Fact Check: Transcript Shows Trump Did Not ‘Refuse’ To ‘Denounce’ Or ‘Condemn’ White Supremacy At Debate
Emily Jashinsky
By

Here’s a sampling of headlines in major news outlets that purported to capture an exchange on white supremacy between President Trump, Joe Biden, and moderator Chris Wallace during Tuesday night’s debate.

Trump refuses to denounce white supremacy, says ‘stand back and stand by’ on Proud Boys movement

Trump sidesteps call to condemn white supremacists, points to extremism on the left

‘Stand back and stand by.’ During debate, President Trump again refuses to condemn white supremacists

Donald Trump refuses to condemn white supremacists at presidential debate

Trump Refuses to Condemn White Supremacy, Instead Telling Far-Right Group: ‘Stand Back and Stand By’

Trump does not condemn white supremacy, tells far right group Proud Boys to ‘stand by’

Trump Refuses To Condemn White Supremacists — Tells Proud Boys To ‘Stand By’

Now compare those headlines to the transcript they claim to describe, and pay particular attention to Trump’s first response, which the bulk of the coverage glosses over.

WALLACE: “Are you willing tonight to condemn white supremacists and militia groups…”

TRUMP: “Sure…”

WALLACE: “And to say that they need to stand down and not add to the violence in a number of these cities as we saw in Kenosha, and as we’ve seen in Portland”

TRUMP: “Sure, I’m prepared to do it, but I would say almost everything I see is from the left-wing not from the right-wing. I’m willing to do anything, I want to see peace…”

WALLACE: “Then do it, sir.”

BIDEN: “Do it, say it.”

TRUMP: “What do you want to call them? Give me a name.”

WALLACE: “White supremacists and right-wing militias”

BIDEN: “Proud Boys”

Trump: “Proud Boys, stand back and stand by. But I’ll tell you what, somebody’s got to do something about Antifa and the left.”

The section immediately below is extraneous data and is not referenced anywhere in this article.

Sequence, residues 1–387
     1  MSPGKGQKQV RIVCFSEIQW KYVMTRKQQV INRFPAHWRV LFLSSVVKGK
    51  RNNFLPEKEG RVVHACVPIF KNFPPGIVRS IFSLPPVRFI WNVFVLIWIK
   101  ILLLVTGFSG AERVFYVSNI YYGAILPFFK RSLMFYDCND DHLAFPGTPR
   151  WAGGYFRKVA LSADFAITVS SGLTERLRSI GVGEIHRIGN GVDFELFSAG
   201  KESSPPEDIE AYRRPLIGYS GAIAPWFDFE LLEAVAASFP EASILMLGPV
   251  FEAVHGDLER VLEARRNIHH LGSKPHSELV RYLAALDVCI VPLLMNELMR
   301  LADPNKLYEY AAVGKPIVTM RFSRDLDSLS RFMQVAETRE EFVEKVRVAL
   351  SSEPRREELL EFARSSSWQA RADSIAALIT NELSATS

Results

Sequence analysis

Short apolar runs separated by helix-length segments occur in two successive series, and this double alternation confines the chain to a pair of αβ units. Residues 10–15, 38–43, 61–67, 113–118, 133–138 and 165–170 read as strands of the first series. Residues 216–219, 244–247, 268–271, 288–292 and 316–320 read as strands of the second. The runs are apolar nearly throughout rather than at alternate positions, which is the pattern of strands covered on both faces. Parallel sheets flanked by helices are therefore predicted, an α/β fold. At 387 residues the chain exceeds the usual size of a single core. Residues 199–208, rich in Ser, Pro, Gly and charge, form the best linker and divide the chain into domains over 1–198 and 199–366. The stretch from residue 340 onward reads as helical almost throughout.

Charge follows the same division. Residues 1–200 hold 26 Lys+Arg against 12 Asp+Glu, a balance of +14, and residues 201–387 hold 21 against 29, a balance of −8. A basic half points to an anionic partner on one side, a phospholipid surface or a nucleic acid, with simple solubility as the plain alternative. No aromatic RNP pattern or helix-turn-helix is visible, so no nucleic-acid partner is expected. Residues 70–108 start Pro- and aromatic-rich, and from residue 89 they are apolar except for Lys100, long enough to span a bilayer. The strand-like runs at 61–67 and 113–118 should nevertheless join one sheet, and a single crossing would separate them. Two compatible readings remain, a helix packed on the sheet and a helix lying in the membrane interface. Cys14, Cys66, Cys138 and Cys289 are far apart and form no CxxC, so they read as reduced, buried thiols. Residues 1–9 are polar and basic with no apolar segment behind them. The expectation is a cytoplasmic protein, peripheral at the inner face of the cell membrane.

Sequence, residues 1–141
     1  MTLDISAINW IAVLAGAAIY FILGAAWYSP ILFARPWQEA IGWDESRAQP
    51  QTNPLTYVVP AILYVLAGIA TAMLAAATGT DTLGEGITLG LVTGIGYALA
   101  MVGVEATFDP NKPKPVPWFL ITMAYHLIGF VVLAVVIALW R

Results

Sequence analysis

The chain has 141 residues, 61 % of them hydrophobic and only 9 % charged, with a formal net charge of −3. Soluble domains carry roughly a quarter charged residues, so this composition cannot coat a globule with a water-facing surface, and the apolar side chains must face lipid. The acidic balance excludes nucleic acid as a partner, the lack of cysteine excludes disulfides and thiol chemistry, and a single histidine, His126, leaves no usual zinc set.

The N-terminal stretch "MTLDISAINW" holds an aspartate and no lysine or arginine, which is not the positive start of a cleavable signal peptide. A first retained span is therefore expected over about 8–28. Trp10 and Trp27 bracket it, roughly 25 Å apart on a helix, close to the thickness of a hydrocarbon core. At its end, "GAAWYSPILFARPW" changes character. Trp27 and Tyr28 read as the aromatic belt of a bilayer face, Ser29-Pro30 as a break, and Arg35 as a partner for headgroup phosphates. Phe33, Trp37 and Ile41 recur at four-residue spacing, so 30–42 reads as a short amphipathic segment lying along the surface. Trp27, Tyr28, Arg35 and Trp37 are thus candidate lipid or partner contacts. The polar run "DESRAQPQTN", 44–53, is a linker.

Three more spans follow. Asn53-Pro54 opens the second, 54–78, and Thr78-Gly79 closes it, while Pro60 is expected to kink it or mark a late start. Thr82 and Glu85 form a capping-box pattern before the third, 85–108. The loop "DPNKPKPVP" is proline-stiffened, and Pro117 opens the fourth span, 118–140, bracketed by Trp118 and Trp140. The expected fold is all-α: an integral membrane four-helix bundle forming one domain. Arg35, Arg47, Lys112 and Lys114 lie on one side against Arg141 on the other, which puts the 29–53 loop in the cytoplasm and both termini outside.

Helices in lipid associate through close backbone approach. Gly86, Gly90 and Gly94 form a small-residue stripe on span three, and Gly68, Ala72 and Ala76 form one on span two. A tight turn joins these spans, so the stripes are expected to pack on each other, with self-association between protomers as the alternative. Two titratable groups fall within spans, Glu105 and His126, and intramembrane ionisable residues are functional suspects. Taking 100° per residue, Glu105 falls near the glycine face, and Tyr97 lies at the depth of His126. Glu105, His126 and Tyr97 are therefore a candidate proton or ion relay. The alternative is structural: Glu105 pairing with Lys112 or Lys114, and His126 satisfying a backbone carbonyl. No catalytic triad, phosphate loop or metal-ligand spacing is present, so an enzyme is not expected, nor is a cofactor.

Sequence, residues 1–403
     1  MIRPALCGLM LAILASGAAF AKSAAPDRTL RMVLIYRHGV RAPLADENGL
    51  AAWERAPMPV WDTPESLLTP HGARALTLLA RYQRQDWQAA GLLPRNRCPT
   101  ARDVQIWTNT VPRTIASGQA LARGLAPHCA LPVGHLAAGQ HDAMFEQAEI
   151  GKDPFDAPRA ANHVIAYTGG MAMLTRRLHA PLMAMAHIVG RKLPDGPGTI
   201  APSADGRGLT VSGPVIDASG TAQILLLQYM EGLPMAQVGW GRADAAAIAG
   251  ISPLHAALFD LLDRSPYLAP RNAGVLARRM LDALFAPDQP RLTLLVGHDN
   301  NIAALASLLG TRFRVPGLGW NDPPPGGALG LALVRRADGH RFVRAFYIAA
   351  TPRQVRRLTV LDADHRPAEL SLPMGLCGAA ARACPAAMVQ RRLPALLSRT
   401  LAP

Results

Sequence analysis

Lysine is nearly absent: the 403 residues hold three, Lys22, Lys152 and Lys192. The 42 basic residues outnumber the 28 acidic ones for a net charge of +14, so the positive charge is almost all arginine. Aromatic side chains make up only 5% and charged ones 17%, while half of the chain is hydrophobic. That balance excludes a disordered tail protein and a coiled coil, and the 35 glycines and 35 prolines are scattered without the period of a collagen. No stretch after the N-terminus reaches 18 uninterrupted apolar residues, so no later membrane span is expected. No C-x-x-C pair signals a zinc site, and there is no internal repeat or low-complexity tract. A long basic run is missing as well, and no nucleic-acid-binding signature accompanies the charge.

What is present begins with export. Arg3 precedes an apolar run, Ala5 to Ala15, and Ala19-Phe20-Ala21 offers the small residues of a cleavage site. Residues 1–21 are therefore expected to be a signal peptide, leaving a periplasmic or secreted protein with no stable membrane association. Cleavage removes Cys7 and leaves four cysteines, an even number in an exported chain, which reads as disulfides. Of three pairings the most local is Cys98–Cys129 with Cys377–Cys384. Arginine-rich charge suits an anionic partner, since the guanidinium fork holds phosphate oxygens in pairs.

It is absolutely accurate that Trump told the Proud Boys to “stand back and stand by.” I, like many others, interpret that statement to be insufficiently critical (although personally I think it had to do more with Trump’s sloppy speaking style and hostility towards the question than any nefarious motivations). My interpretation, however, does not constitute a fact.

The fact is that Wallace specifically asked Trump if he was “willing tonight to condemn white supremacists and militia groups,” and Trump immediately replied, “Sure.” That is incontrovertible. It is not an interpretation. It is also not reflected whatsoever in the headlines that are currently blaring incorrect information to millions of readers.

The counterargument is that Trump’s statement on the Proud Boys was not a condemnation, thus it’s accurate to say he “refused to condemn white supremacy” on the basis that the Proud Boys are a proxy for it. When asked clearly to condemn white supremacy, however, Trump said “sure.” The coverage, then, should reflect that he condemned white supremacy, even if it also reports on the Proud Boys line.

That line is still murky. Is telling them to “stand back” not a condemnation? If so, did he undercut “stand back” with “stand by”? Trump is not an easy politician to cover because he doesn’t speak like a normal politician. Nevertheless, the fact remains that he said “sure” when asked directly to condemn white supremacists. I’m of the opinion that interpreting it as a “refusal” is wrong, but either way he condemned white supremacists in the first part of his exchange with Wallace.

It’s as simple as that. Maybe you think “sure” is insufficient or indicative of a deeper disinterest in the issue. Maybe you think there’s a difference between being “willing” to do something and actually doing it. (If, like George Conway, that’s your take, you still have to explain whether being “willing” to do something is the same as “refusing.”) Maybe you think Trump’s “stand back and stand by” line was almost encouraging. Some people probably saw it as a condemnation. Others may have been displeased. These are all opinions. They are not facts.

Stating as a fact that Trump did not “condemn” white supremacy during the debate is misinformation, plain and simple. He was asked directly to condemn white supremacists, and he did.

The coverage of this exchange is a depressing case study in why the media deserves growing public distrust. These headlines reflect anti-Trump interpretations of the moment, not the reality of what Trump explicitly said—and on an extremely serious issue about which voters deserve to know the absolute truth.

Emily Jashinsky is culture editor at The Federalist. You can follow her on Twitter @emilyjashinsky .

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